Reason #3 for the Bible’s Intellectual Persuasiveness: Micah 5:2 and Bethlehem’s Lineage
Micah 5:2 “You, Bethlehem Ephrathah, though you are little among the thousands of Judah, yet out of you shall come forth to Me the One to be ruler in Israel, whose goings forth have been from old, from eternity.”
We are now at the end of another Christmas celebration. This year’s 12-day celebration began December 25th, with the birth of Jesus Christ in the manger, and ends tomorrow on January 6th, with the Incarnation, when Jesus Christ the Son is given. Although I often hear my skeptical friends say “I’m waiting for proof that God exists – then I would believe”, every Christmas highlights God’s proofs that He physically entered our world to live among us and then die on the Cross for us. I don’t understand for what they are waiting.
This week’s verse is one such example of the proofs God offers. It is one of the most famous predictive prophecies in the Old Testament. What makes this prophecy such a proof text for Jesus Christ as Messiah is that the prophet Micah, in 740BC, actually names the exact Bethlehem for His birth! To be Messiah, Jesus must be born in the right Bethlehem. You see, there are two towns called Bethlehem. In Joshua 19:15-16, after Joshua has led the children of Israel into the Promised Land, he details out the land for the tribe of Zebulun. One of the cities Zebulun inherits is called Bethlehem, which is in northern Israel. This is not the Bethlehem Ephrathah in this week’s verse, which is near Jerusalem. It is a stunning proof of Jesus’s claim to be God in the flesh, since He couldn’t orchestrate where He will be born. But it gets better.
Now we turn to the Old Testament book of Ruth, written about 1170BC, where this small town of Bethlehem Ephrathah plays an even greater role in predictive prophecy to demonstrate Jesus Christ is the long-awaited Messiah. In verses 1-2 of chapter 1, we are introduced to Elimelech, who was an “Ephrathite from Bethlehem”. His wife was named Naomi. Elimelech died, leaving Naomi with her two sons, who each took wives from the Moabites, who were enemies of Israel. Both her sons later died, leaving Naomi with her two daughters-in-law, whose names were Orpah and Ruth. Because of their dire situation, Naomi tells them to leave her and return to their mother’s land in Moab. Orpah does. Ruth refuses to leave Naomi.
Ruth makes a stunning announcement to Naomi in verse 16: “Urge me not to leave you, or to turn back from following you; for wherever you go, I will go; and wherever you lodge, I will lodge. Your people shall be my people, and your God, my God.” So Naomi and Ruth traveled together, back to Bethlehem Ephrathah. And it is here, during the barley harvest time, they meet their “kinsman redeemer”, the man who was related to Naomi’s husband, who then delivers them from their poverty. His name was Boaz.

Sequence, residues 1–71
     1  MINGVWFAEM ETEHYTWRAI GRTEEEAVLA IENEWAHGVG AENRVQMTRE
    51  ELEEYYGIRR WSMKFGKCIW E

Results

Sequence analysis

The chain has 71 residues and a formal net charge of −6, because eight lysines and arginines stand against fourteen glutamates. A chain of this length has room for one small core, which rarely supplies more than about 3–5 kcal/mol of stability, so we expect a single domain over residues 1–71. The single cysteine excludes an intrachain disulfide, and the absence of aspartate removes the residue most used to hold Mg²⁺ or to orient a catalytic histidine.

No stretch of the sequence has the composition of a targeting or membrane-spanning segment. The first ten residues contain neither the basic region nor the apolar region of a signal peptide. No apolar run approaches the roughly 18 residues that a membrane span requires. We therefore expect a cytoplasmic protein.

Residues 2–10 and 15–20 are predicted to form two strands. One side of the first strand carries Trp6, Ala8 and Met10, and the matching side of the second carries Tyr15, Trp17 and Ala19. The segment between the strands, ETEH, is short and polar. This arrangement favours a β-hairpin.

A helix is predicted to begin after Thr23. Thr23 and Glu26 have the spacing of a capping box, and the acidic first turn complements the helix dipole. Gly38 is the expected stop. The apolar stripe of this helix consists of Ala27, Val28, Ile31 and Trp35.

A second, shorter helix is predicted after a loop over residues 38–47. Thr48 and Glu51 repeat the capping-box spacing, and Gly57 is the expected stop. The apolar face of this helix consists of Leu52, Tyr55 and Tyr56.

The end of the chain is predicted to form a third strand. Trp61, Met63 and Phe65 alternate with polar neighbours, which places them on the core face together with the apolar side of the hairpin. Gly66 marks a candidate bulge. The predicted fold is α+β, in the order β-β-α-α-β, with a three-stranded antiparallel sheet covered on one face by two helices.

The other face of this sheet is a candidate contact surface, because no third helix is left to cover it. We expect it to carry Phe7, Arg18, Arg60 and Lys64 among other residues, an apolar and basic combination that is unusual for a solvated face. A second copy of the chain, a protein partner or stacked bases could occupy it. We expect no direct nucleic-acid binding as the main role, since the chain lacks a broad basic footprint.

We read in Ruth 4:11-22 that Boaz marries Ruth in Bethlehem Ephrathah, and they have a son named Obed. In the closing verses of Ruth, the full genealogy from Perez (a son of Judah) to David is given. Obed will have a son named Jesse, and Jesse will have a son named David, the famous King of Israel.
This is critical because prophecy requires that Messiah must not only be born in Bethlehem Ephrathah but must also be from the line of King David: “The Lord said to my Lord, ‘Sit at My right hand, till I make Your enemies Your footstool (Psalm 110:1).” “The days are coming says the Lord that I will raise up to David a Branch of righteousness; A King shall reign and prosper, and execute judgment and righteousness in the earth… This is the name by which He will be called: The Lord Our Righteousness. (Jeremiah 23:5-6).”
In Matthew 1:5-6, Matthew details out the lineage of Jesus Christ, corroborating Ruth’s genealogy given to us over 1100 years ago: “Salmon was the father of Boaz, whose mother was Rahab. Boaz was the father of Obed, whose mother was Ruth. Obed was the father of Jesse. Jesse was the father of David the king.”
Naomi understood that the God she had trusted all her life had been watching over her even when her life became desperate, giving her a grandson through Ruth and Boaz to carry on the family name. But even greater beyond the story of Ruth was that through the birth of Obed God was laying the lineage for the birth Israel’s greatest king, David. Then, the prophets predicted that it would be through this King David that the ultimate King, the “Branch” of righteousness, King Messiah, Savior of mankind, would be born.
Matthew traces the stories of Naomi, Ruth, Boaz, Obed, and David to the birth of Jesus Christ. This, again, is the Christmas story and the intellectual persuasiveness of that little town of Bethlehem Ephrathah.
But there is a deeper intellectual persuasiveness to Ruth and Naomi’s story: just because you can’t see what God is up to doesn’t mean He isn’t actively working in your life. This is part of the Christmas story.
Ed Croteau is a resident of Lee’s Summit and hosts a weekly study in Lees Summit called “Faith: Substance and Evidence.” He can be reached with your questions through the Lee’s Summit Tribune at Editor@lstribune.net.